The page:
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Home / Science / Brains about the breed: Fossil explains with X-ray tomography – Ezine

Brains about the breed: Fossil explains with X-ray tomography – Ezine



Size plays a role

  University of Texas researchers at Austin found a fossil of an extinct mammal with a flock of 38 babies near their mother's miniatures. Credit: Eva Hoffman / University of Texas at Austin

X-ray tomography was used to examine a newly described fossil of an extinct ancestor of modern mammals found with 38 petrified offspring. The study provides new evidence that the first mammals traded the brood size for the size of the brain.

Mammals have the largest brains compared to body size and produce some of the smallest offspring. It seems that at some point in evolution, the brains overtook the brood. Now, Eva Hoffman of the University of Texas in Austin, USA, and her colleagues have looked at an extinct mammalian relative and her 38 offspring to help them understand how this transition took place. This is a rare finding as it clearly shows offspring with the mother of a mammalian precursor, a Kayentatherium. The fact that there are more than twice as many babies with the mother as with living mammals suggests that this ancestor still lays a large number of eggs, as do any modern reptile and the most primitive living mammals, the monotremes, such as the platypus. The team believes that the offspring were either still in their eggs, which were lost over time or had just hatched, perhaps as a result of a flood or a mudslide. In the journal Nature, the team explains that these species are a missing link between the numbers of reptiles and the emergence of greater brain forces accompanied by smaller mammals of modern mammals.

"These babies are from a really important point in the evolutionary tree," explains Hoffman, who was a graduate student at the Jackson School of Geosciences at the University of Texas when the work was done. "They had many features similar to those of modern mammals, properties that are relevant to understanding the evolution of mammals," she adds. Hoffman co-authored the new study with her advisor, Timothy Rowe.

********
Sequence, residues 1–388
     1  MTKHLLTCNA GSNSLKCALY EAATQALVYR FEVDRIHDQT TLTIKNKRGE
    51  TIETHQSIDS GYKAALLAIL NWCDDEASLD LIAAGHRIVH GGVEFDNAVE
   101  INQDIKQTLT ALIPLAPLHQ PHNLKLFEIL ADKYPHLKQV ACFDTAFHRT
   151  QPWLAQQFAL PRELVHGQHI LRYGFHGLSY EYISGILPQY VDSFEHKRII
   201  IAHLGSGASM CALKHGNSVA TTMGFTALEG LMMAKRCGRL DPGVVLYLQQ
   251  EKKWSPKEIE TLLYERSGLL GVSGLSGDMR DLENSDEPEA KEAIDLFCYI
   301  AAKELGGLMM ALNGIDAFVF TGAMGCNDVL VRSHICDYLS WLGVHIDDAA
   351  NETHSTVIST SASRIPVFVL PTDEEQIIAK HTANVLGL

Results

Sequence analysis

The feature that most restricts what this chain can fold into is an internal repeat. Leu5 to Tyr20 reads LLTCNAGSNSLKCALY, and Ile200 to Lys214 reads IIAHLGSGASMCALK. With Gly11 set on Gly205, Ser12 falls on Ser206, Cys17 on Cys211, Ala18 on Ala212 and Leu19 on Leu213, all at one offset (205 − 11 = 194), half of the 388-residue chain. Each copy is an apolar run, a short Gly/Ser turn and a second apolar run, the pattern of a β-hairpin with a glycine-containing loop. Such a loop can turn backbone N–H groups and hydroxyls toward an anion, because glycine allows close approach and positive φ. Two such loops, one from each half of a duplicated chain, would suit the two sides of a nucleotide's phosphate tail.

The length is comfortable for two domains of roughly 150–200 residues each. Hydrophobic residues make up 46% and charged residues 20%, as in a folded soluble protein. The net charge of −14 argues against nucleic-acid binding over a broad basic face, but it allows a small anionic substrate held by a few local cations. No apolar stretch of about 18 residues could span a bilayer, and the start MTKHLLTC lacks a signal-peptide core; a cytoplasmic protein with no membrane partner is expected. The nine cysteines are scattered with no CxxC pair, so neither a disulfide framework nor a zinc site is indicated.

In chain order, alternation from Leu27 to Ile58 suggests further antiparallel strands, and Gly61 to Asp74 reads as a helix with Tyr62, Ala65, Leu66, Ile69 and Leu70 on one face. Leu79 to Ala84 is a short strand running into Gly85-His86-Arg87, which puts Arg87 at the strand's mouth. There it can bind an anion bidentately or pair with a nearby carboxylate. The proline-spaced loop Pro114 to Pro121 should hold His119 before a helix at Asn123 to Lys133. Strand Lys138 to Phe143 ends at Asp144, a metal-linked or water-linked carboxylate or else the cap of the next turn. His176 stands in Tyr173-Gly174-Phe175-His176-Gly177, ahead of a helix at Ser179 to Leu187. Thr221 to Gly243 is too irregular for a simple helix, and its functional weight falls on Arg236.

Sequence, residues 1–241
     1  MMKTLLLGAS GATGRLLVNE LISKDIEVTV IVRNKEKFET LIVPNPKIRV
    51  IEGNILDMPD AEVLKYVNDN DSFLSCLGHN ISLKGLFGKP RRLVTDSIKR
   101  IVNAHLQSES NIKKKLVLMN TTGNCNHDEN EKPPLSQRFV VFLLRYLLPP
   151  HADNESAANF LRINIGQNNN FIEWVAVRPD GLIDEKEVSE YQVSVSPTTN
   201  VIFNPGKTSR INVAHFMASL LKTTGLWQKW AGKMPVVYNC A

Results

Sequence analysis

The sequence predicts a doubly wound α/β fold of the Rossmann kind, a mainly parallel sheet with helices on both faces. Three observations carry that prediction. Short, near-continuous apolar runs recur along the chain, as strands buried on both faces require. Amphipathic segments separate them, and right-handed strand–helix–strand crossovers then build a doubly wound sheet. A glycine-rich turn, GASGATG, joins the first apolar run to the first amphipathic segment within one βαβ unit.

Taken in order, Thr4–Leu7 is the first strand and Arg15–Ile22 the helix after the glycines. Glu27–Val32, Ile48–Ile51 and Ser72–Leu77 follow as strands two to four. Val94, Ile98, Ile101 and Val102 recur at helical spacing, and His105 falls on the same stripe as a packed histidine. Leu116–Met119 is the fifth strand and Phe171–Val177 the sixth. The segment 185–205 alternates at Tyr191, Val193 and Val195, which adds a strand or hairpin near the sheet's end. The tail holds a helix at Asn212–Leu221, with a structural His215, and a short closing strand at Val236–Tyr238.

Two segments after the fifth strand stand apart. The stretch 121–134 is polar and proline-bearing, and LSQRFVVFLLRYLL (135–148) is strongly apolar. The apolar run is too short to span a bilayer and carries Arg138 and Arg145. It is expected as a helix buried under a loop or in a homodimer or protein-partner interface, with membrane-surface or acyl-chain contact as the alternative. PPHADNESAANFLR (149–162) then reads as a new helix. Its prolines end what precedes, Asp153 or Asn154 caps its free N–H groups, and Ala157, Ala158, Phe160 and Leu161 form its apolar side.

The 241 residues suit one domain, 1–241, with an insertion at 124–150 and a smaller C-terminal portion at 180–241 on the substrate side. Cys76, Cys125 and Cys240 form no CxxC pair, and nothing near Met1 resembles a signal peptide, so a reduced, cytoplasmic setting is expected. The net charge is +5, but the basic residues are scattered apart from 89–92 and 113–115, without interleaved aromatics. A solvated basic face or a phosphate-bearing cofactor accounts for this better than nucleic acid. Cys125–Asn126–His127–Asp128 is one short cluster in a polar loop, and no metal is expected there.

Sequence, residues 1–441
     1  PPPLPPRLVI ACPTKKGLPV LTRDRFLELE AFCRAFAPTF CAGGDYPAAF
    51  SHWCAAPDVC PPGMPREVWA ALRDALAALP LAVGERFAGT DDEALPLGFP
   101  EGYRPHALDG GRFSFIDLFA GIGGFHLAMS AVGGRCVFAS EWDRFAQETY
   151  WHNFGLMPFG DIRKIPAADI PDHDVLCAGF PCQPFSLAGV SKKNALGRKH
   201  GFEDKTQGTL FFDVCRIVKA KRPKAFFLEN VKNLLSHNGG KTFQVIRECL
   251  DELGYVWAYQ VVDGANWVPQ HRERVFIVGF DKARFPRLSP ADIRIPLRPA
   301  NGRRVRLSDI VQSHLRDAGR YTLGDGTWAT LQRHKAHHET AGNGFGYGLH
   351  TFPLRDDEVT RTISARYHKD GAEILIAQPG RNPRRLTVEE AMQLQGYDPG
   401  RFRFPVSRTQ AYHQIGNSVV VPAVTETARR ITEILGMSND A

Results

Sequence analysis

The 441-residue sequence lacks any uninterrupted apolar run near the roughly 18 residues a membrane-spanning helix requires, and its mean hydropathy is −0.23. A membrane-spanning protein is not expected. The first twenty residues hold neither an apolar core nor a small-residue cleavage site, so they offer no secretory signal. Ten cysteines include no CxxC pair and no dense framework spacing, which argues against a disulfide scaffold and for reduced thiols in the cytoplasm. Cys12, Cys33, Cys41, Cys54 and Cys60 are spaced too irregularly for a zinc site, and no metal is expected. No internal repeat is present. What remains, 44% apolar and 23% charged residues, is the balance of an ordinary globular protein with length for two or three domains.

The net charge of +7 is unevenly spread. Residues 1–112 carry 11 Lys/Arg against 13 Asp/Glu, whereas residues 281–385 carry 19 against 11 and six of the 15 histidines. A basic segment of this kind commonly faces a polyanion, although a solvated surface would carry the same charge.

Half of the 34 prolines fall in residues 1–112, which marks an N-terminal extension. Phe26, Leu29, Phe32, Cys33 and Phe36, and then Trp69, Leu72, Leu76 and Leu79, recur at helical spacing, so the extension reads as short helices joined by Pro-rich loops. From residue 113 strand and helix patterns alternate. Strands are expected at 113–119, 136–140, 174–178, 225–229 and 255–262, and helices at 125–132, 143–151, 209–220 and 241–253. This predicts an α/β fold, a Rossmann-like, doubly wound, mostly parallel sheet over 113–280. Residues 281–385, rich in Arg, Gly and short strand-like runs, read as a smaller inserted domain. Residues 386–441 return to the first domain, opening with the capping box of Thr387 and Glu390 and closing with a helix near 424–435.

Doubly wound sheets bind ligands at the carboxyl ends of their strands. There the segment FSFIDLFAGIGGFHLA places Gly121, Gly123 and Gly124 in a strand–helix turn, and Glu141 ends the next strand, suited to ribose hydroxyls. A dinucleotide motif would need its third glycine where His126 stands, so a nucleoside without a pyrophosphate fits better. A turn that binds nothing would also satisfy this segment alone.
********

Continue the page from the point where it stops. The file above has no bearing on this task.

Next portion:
Kayentatherium wellesi was a dog-sized, hairy herbivore that lived next to the dinosaurs 1

85 million years ago. Rowe originally collected the fossil from a rock formation in Arizona more than 18 years ago and at the time thought he had found a single specimen. Former graduate student Sebastian Egberts revealed for the first time that the fossil could contain more than a single specimen when a grain-sized piece of enamel struck in 2009 when he unpacked the fossil.

Noteworthy

Researchers would have to wait for advances in Austin's high-resolution X-ray computed tomography (UTCT) device and extensive digital processing before complete skulls and sub-skeletons within the fossil could be uncovered. Hoffman used 3D visualizations to do a thorough analysis and verify that the tiny bones belonged to the babies and were the same species as the adult.

"There are more deep stories about the evolution of evolution and the evolution of mammalian intelligence and behavior and physiology that can be extracted from a remarkable fossil like this, now that we have the technology to study it," says Rowe.

Related Links

Nature 2018, online: "Law-Tailed Mammal Perinates and the Origin of Mammal Reproduction and Growth"

Article by David Bradley

The views expressed in this article are exclusively those of the author and not necessarily those of John Wiley and Sons, Ltd.

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